Air-Source Heat Pump (ASHP):
An air-source unitary heat pump model is a product other than a packaged terminal heat pump, which consists of one or more assemblies, powered by single phase electric current, rated below 65,000 Btu per hour, utilizing an indoor conditioning coil, compressor, and refrigerant-to-outdoor air heat exchanger to provide air heating, and may also provide air cooling, dehumidifying, humidifying circulating, and air cleaning.
Central Air Conditioner (CAC):
A central air conditioner is a product, which is powered by single phase electric current, air cooled, rated below 65,000 Btu per hour, not contained within the same cabinet as a furnace, the rated capacity of which is above 225,000 Btu per hour, and is a heat pump or a cooling unit only.
Energy Efficiency Ratio (EER):
EER is the ratio of the average rate of space cooling delivered to the average rate of electrical energy consumed by the air conditioner or heat pump. This ratio is expressed in Btu per watt.h (Btu/W.h).
Furnace Fan Efficiency (“e”):
The ratio of the furnace fan electrical consumption to the total energy consumption of the furnace during the heating mode.
Heating Seasonal Performance Factor (HSPF):
HSPF is the total space heating required in region IV during the space heating season, expressed in Btu, divided by the total electrical energy consumed by the heat pump system during the same season, expressed in watt-hours.
A heating unit with a heat input rate of less than 225,000 Btu per hour whose function is the combustion of fossil fuel (natural gas, propane, or oil) for space heating with forced hot air. Unit must include burner(s), heat exchanger(s), blower(s) and connections to heating ducts. A heating unit that meets this definition and also provides hot water for domestic or other use may be considered a furnace for purposes of this agreement.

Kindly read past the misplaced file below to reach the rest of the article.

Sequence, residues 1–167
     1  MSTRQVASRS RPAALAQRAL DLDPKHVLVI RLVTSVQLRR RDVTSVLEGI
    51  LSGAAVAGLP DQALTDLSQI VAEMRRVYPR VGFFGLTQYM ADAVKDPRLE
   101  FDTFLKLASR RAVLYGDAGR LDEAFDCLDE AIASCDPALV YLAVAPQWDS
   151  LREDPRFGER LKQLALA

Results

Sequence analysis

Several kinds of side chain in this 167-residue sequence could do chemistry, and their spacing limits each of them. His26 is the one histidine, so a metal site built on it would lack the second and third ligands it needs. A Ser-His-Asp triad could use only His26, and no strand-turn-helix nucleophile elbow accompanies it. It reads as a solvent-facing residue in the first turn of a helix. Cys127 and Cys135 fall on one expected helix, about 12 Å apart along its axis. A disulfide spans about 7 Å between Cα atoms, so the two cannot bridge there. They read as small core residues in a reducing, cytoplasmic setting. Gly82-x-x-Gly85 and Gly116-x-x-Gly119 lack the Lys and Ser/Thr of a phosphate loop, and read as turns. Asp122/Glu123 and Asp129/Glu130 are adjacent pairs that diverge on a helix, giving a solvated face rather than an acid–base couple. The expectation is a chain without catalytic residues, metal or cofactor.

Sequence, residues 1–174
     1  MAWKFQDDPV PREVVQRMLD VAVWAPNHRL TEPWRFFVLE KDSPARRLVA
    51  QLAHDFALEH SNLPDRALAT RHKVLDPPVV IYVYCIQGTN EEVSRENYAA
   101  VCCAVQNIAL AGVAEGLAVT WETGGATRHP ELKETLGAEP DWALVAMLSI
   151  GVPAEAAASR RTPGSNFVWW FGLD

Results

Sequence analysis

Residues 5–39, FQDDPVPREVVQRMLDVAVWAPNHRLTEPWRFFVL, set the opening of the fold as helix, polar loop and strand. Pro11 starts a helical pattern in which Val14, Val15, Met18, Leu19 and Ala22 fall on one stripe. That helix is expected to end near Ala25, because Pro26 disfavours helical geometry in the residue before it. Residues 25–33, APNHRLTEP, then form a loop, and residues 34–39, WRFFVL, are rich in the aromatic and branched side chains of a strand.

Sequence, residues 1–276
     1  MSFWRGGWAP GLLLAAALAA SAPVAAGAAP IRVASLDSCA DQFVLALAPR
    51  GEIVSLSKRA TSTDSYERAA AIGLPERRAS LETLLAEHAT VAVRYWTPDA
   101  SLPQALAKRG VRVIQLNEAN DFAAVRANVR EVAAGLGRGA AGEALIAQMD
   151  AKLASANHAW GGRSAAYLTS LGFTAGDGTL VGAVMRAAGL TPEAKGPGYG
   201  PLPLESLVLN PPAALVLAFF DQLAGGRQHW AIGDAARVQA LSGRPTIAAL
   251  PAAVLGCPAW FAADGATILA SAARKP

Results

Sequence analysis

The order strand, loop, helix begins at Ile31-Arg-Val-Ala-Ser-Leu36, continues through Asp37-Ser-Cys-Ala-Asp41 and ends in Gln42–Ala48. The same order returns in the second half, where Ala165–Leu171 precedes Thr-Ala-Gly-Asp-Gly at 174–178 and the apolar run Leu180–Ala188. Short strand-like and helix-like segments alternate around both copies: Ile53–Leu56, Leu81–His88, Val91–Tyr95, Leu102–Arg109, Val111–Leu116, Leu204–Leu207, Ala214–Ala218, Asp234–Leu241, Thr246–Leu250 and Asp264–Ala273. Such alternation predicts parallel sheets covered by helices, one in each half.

Seasonal Energy Efficiency Ratio (SEER):
SEER is the total heat removed from the conditioned space during the annual cooling season, expressed in Btu, divided by the total electrical energy consumed by the air conditioner or heat pump during the same season, expressed in watt-hours.
A single package unit is an air source heat pump or central air conditioner that has all major assemblies enclosed in a single cabinet.
A split system is an air source heat pump or central air conditioner that has one or more of the major assemblies separated from the others.
1 ENERGY STAR® and the ENERGY STAR mark are registered trademarks owned by the U.S. Environmental Protection Agency. ENERGY STAR products are third-party certified by an EPA- recognized Certification Body. Products that earn the ENERGY STAR prevent greenhouse gas emissions by meeting strict energy efficiency guidelines set by the U.S. Environmental Protection Agency.
4 Proper sizing and installation of equipment is critical to achieve optimal performance. Split system air conditioners and heat pumps must be matched with appropriate coil components to meet ENERGY STAR criteria. Ask your contractor for details or visit www.energystar.gov.